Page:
Tracking off-market buybacks in Australia

March 14, 2023

This list tracks the outcomes of off-market buybacks in the Australian market, which are in the process of being banned by the Albanese Government as part of a crackdown on franking credits.

McMillan Shakespeare, October 2022: A 10% buyback worth $90.2 million with a 49% scale back. The market price was announced as $13.56 and with the 14% discount the buyback price $11.66. The capital component was only 99c and the fully franked dividend $10.67.

JB Hi Fi, April 2022: $250 million off market buyback which was swamped, such that an 88.5% scale back was applied and only those who pitched at the maximum 14% discount were even partially satisfied. The minimum allocation was 100 shares or up to 140 if that reflected your entire holding. See results announcement. Demand was driven by the fact the capital component was only $3.18, compared with $41.87 or some 93% as fully franked dividend. The market price finished at $52.38, so the buy back price was $45.05 reflecting the 14% discount.

Westpac, February 2022: $3.5 billion off market buy back only achieved a 6% discount because the capital component was $11.34 and the fully franked dividend component was only $9.56 or some of the 45.7% of the eventual $20.90 buyback price. The original offer in November 2021 proposed a bidding range between 8 and 14% below the market price but because the dividend component was so small, Westpac later amended this on December 10 to between 0 and 10%. The market price finished at $22.24.

CBA, October 2021: $6 billion buyback at a 14% discount of $88.62, comprising $21.66 in capital return and $66.96 or 75.56% in full franked dividend. No wonder the scale back was a huge 79.4% as almost $30 billion was tendered into the offer. Investors were given a guaranteed 100 shares or $8,862 before the scale back kicked in. See outcome announcement.

Woolworths, 2019: $1.7 billion buyback which was 85% scaled back but gave everyone a priority allocation worth $5209. Final discount was 14% and the dividend component was $24.15 with the buy back price $28.94. See results announcement.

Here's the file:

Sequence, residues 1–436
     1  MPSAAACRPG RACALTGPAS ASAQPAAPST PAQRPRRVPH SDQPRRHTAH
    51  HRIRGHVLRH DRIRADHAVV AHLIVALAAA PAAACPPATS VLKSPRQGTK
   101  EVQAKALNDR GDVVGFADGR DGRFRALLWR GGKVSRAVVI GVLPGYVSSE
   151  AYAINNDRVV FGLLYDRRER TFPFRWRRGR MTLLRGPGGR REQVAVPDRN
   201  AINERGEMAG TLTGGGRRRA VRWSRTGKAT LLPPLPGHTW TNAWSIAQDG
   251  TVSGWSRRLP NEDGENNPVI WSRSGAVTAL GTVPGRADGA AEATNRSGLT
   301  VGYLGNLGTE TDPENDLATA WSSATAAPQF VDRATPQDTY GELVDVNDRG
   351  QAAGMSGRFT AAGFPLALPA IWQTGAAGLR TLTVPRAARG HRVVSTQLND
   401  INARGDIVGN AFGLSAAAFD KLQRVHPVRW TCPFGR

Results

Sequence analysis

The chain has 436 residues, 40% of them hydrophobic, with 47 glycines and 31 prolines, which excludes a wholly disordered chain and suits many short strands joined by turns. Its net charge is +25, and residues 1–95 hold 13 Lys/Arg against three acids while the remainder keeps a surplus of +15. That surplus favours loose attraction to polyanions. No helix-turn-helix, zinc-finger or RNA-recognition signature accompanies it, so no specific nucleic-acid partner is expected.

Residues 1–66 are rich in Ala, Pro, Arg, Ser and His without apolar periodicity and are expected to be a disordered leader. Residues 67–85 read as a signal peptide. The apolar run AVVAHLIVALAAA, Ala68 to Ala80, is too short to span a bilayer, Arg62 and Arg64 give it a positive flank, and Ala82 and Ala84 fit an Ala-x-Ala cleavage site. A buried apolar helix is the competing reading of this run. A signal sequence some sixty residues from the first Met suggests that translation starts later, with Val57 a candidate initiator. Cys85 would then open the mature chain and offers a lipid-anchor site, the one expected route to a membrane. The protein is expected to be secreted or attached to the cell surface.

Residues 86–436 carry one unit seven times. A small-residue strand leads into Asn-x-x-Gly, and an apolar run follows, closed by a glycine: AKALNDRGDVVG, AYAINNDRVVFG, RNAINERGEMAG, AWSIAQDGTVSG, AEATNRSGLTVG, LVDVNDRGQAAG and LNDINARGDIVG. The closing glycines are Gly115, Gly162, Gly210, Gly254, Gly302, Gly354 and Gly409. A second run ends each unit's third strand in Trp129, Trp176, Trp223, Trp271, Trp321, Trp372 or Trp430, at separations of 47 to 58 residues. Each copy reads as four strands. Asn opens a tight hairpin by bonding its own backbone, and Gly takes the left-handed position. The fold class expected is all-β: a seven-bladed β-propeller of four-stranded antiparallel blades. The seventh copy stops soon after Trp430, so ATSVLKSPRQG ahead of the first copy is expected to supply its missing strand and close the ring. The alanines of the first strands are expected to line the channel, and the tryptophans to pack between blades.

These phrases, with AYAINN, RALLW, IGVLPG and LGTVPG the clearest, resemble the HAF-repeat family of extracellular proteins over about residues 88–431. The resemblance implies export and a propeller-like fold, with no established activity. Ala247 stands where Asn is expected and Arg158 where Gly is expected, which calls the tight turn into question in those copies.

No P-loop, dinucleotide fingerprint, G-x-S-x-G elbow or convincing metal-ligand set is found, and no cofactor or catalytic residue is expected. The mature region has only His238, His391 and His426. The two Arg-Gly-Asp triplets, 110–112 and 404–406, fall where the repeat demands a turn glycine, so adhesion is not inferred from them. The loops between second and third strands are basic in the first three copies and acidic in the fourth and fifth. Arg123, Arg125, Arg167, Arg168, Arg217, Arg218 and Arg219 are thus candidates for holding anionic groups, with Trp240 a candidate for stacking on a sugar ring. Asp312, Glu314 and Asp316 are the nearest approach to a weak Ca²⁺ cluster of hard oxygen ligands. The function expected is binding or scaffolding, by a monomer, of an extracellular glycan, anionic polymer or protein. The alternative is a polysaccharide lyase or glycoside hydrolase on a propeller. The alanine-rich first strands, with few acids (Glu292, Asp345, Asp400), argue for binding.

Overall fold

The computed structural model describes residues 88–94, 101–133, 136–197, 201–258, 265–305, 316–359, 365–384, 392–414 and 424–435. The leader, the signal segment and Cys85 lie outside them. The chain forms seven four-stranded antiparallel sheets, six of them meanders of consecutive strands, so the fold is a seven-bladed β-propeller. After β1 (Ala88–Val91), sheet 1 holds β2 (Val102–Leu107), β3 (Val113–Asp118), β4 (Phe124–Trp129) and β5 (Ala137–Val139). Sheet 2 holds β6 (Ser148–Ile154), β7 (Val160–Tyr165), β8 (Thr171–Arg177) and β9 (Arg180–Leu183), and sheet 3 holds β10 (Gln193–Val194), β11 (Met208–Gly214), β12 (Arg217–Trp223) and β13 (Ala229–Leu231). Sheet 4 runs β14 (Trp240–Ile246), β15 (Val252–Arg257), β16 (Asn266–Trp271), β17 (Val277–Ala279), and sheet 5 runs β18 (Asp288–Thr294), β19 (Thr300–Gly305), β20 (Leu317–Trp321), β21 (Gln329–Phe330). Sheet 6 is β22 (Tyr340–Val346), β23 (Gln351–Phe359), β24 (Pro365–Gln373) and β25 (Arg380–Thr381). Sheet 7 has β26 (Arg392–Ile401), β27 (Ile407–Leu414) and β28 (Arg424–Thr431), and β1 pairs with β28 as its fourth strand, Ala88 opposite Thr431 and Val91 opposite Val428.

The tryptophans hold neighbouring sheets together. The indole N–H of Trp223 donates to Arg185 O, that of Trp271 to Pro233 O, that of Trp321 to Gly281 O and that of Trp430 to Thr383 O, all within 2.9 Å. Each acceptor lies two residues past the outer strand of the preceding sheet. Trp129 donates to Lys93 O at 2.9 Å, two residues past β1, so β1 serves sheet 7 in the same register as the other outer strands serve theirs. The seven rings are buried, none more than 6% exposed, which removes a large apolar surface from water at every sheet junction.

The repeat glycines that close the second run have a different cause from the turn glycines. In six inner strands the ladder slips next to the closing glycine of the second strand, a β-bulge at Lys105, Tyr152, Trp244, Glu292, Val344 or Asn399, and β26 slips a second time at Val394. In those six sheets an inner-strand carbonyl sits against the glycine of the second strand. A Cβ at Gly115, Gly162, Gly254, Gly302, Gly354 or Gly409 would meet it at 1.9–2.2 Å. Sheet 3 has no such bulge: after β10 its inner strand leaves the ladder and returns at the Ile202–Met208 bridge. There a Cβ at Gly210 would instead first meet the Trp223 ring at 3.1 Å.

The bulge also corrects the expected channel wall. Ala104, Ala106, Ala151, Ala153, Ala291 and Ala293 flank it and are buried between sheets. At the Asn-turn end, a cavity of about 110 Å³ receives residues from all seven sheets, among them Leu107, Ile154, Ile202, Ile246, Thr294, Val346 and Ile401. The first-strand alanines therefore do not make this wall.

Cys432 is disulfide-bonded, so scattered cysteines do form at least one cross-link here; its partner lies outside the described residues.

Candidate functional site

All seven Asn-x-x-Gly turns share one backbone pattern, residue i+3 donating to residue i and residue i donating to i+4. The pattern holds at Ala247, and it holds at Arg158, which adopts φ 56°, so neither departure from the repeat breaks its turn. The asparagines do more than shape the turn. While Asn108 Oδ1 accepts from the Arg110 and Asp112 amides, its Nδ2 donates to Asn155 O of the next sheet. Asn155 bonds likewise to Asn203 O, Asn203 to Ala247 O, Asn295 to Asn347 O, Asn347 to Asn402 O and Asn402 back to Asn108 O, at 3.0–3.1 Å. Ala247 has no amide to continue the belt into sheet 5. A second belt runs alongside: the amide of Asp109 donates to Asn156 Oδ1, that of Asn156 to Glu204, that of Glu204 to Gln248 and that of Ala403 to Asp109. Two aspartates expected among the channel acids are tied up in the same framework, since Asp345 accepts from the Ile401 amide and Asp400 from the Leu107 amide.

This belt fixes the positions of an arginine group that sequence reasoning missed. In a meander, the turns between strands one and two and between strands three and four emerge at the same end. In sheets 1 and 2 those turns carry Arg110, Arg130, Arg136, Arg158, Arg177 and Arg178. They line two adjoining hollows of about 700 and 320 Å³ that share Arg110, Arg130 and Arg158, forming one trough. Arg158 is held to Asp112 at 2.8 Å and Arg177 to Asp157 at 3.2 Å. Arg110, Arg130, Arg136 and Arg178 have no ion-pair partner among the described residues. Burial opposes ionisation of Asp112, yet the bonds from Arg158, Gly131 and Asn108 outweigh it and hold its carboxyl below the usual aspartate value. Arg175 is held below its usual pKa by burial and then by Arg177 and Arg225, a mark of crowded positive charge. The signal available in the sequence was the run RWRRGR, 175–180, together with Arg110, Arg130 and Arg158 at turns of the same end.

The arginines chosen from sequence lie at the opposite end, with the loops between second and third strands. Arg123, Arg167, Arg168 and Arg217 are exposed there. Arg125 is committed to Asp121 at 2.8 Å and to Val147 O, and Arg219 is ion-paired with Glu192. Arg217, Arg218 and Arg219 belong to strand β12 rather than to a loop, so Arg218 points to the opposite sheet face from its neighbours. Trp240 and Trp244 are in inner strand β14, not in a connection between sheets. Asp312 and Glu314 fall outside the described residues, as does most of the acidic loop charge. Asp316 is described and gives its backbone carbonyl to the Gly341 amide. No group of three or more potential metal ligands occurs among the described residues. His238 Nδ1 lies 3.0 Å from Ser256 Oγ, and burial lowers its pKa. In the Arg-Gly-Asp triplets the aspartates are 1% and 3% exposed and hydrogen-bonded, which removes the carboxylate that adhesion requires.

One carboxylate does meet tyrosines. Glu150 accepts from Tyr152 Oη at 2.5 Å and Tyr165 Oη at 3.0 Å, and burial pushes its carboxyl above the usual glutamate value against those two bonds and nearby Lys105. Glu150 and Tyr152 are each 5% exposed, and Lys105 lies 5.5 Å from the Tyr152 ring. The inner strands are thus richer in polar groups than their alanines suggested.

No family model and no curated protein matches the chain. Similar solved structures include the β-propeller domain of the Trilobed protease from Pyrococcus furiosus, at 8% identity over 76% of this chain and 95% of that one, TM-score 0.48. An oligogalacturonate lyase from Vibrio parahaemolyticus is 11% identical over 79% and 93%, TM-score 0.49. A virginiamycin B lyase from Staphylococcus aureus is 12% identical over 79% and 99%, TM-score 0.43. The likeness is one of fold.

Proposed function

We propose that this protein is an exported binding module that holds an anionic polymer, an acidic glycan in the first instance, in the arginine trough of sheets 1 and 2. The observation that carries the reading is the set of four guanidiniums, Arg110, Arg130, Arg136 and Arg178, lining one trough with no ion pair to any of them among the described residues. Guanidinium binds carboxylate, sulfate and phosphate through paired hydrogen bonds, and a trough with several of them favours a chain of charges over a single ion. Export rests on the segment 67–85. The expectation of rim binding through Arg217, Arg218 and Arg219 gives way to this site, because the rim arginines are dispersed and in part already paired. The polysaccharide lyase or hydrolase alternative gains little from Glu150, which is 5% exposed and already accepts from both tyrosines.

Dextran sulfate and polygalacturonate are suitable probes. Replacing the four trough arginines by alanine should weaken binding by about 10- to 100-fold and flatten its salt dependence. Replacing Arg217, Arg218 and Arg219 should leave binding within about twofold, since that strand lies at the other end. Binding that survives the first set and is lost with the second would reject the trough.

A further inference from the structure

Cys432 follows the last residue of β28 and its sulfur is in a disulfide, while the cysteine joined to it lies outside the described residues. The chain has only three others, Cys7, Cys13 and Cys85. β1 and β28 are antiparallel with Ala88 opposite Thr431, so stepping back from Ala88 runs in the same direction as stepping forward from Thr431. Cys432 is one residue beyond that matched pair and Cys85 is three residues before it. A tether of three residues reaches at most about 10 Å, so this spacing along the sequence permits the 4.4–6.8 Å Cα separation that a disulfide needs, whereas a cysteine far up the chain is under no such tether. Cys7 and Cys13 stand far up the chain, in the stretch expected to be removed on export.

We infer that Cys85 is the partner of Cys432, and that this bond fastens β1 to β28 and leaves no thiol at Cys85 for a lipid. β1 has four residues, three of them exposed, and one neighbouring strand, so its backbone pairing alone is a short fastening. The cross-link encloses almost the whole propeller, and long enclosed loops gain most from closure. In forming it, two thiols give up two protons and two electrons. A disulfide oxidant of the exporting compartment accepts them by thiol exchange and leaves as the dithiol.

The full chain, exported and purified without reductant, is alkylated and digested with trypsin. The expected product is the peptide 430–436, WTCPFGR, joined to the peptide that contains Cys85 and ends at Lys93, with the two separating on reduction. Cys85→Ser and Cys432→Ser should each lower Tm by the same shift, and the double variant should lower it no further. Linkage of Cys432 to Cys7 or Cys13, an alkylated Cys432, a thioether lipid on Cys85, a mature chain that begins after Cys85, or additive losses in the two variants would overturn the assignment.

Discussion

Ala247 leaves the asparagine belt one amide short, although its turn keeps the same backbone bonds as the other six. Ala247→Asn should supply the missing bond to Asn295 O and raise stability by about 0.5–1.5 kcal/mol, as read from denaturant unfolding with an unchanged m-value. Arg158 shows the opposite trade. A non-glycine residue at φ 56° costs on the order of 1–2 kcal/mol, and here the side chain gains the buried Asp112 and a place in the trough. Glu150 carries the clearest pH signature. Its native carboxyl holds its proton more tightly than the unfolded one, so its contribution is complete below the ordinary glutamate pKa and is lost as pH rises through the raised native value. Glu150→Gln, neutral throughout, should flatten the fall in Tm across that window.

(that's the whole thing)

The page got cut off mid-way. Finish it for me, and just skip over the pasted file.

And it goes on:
Caltex, 2019: $260 million buyback which was also 85% scaled back like Woolworths. Final discount was 14% to the market price $27.24 and the dividend component was $21.42 against a buyback price of $23.43. The tax market value was $27.02. See final announcement.

BHP, 2018: $7.3 billion buyback at a 14% discount of $27.64, comprising just 38c in capital and $27.26 or 98.62% in fully franked dividend. No wonder the scale back was a huge 58.7%. Investors were given a guaranteed 165 shares worth $4560 and anyone with less than 65 shares left were taken out completely. See announcement.

Rio Tinto, 2018: $2.87 billion selective off-market buyback for Australian shareholders at a 14% discount to market with a 58.3% scale back, subject to a minimum allocation of 30 shares worth $2090. The final price was $69.69 with $9.44 being capital and $60.25 or 86.45% being a fully franked dividend. See final announcement. See this summary by Paul Rickard from The Switzer Report.

Rio Tinto, 2017: $700m buyback expanded to $750m due to strong demand. Final price a 14% discount to market and a huge 89% scale back applied, suggesting offers worth about $7 billion were received. See final announcement.

Telstra, 2016: $1.25 billion buyback with an 86% scale back. See final announcement. The $1.5 billion Telstra off-market buyback sparked this call by the Institute of Public Accountants for these schemes to be shut down. Telstra gave a priority allocation of 880 shares and accepted the lot if this would leave a shareholder with less than 350 shares. The shares have subsequently weakened so participants have done well receiving $4.43 for their shares when the stock is at around $3.50 in May 2019.

This is a good discussion on buybacks.